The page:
“ The auto business is part of an open, dynamic and self-organizing ecosystem consisting of physical assets, services and content. Finding the right balance between where to compete, cooperate or consolidate with industry peers and to wisely co-integrate content from non-asset based digital challengers is key.“

The auto business is part of an open, dynamic & self-organizing ecosystem

– AUTOMOTIVE (Focus on product value)- You need roots to grow: product focus is a good basis, but it’s not enough

– SERVICE (Focus on customer value)- Putting customer value first means steering services away from the product

– CONTENT (Focus on ecosystem value)- The downstream is already claimed – recognize the value of the upstream

PLATFORM BUSINESS -(Focus on co-integration)- Don‘t touch the whole ecosystem, make your choice  with whom, where and how to play very wisely

Key Takeaways from the Report

  1. Automotive key trends -“Fuel cell electric vehicles have replaced battery electric vehicles as this year’s #1 key trend until 2025.” 52 % of respondents rank fuel cell electric vehicles as the most important automotive key trend up to 2025
  1. Regional shifts “The flip side of regional shifts: 74 % of executives believe that production in Western Europe will be less than 5 % by 2030 [2017: 65 %].
  1. Better use of resources- “Learning from the aviation industry – almost 90 % of the executives fully agree that remanufacturing is a feasible concept for the automotive industry to ensure the best use of resources.”3 out of 4 execs (77 %) believe that making the most efficient use of resources will be one of the biggest drivers in the industry.
  1. Mobi-listic- “57 % of all executives say that in the future we will no longer differentiate between the business models for transporting humans and goods.” 73 % of executives are convinced that traditional public transport solutions could be replaced by on-demand autonomous capsules in 10 years’ time.

In Summary- Better use of resources & Mobilistics are megatrends beyond  the  Obvious 

  1. Customer centricity- “This year’s results reveal that fi nding one single player who owns all customer relationships and manages the entire ecosystem alone is rather unlikely.”-44 % of executives and 37 % of consumers believe OEMs to be the big winners in the battle for the direct customer relationship [Executives: 2017: 41 %; Consumers: 2017: 26 %].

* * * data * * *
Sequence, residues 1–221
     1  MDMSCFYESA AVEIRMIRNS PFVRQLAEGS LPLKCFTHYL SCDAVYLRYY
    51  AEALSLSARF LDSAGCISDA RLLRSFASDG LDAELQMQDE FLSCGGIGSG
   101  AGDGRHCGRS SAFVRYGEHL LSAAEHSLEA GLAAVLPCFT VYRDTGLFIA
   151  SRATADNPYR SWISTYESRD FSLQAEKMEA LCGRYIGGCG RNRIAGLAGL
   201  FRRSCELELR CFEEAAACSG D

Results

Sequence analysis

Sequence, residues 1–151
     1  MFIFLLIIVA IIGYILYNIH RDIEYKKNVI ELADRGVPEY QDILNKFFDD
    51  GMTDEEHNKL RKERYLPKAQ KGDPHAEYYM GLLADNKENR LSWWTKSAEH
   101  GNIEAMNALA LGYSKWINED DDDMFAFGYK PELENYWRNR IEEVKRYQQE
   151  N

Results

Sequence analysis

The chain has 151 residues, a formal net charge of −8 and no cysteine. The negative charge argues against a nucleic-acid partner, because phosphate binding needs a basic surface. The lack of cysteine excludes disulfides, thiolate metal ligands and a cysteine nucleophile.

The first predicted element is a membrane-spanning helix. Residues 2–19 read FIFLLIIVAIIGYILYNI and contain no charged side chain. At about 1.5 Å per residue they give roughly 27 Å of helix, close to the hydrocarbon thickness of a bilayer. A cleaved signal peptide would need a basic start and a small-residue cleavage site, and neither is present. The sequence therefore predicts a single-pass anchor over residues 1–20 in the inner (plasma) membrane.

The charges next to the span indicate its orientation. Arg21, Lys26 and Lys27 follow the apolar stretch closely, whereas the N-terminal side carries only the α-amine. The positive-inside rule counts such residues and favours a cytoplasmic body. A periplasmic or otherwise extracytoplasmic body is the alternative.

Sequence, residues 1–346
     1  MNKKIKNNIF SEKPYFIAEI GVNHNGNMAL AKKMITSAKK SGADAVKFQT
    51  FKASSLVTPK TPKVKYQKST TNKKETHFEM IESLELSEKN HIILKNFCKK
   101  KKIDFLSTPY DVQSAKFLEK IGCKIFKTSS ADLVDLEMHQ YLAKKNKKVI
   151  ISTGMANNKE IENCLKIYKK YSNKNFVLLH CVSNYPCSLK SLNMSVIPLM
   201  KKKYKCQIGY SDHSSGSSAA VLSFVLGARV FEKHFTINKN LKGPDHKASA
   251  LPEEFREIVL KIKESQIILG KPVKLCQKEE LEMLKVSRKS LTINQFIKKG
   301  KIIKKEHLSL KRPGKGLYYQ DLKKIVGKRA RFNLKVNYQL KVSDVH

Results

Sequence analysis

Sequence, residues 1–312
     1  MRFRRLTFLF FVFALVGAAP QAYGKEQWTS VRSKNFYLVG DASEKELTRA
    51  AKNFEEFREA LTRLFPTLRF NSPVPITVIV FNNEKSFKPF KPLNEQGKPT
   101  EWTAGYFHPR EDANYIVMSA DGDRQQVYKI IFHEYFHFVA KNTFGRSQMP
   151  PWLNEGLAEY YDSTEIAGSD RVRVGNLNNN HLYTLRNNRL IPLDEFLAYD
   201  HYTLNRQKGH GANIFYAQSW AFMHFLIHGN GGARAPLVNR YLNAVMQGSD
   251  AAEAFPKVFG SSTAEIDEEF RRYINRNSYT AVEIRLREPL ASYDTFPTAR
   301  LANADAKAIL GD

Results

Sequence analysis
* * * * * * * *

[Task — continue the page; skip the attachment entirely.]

2. Retail of the future- Over half of all execs (56 %) are highly confident that the number of physical retail outlets as we know them today will be reduced by 30 – 50 % already by 2025.” Almost 80 % of execs strongly agree that the only viable option for physical retail outlets will be business transformation into service factories or used car hubs.
  3. Mobility on demand- “Almost half (43 %) of the surveyed respondents show confidence that half of the car owners they know today will no longer want to own a personal vehicle by 2025.” Brand above all – this year 41 % of execs believe a trustful brand to be the key success factor for a sharing economy, followed by communities sharing the same values (24 %)

In Summary- There is not any player who can get around without defining its role within the ecosystem.

  1. Future of combustion- There will not be a single solitary drive train technology: Executives project an even distribution by 2040 for BEVs (26 %), FCEVs (25 %), ICEs (25 %) and hybrids (24 %).”. “It is still undecided whether diesel is dead or not: 50 % of executives still believe that diesel is a technologically viable option [2017: 47 %].”.
  2. Electric readiness- “Infrastructure fi rst, e-mobility second: Of the executives surveyed, 55 % still believe that pure battery electric vehicles will fail due to the challenge of setting up the required infrastructure.”“Executives see BMW as the #1 e-mobility leader.”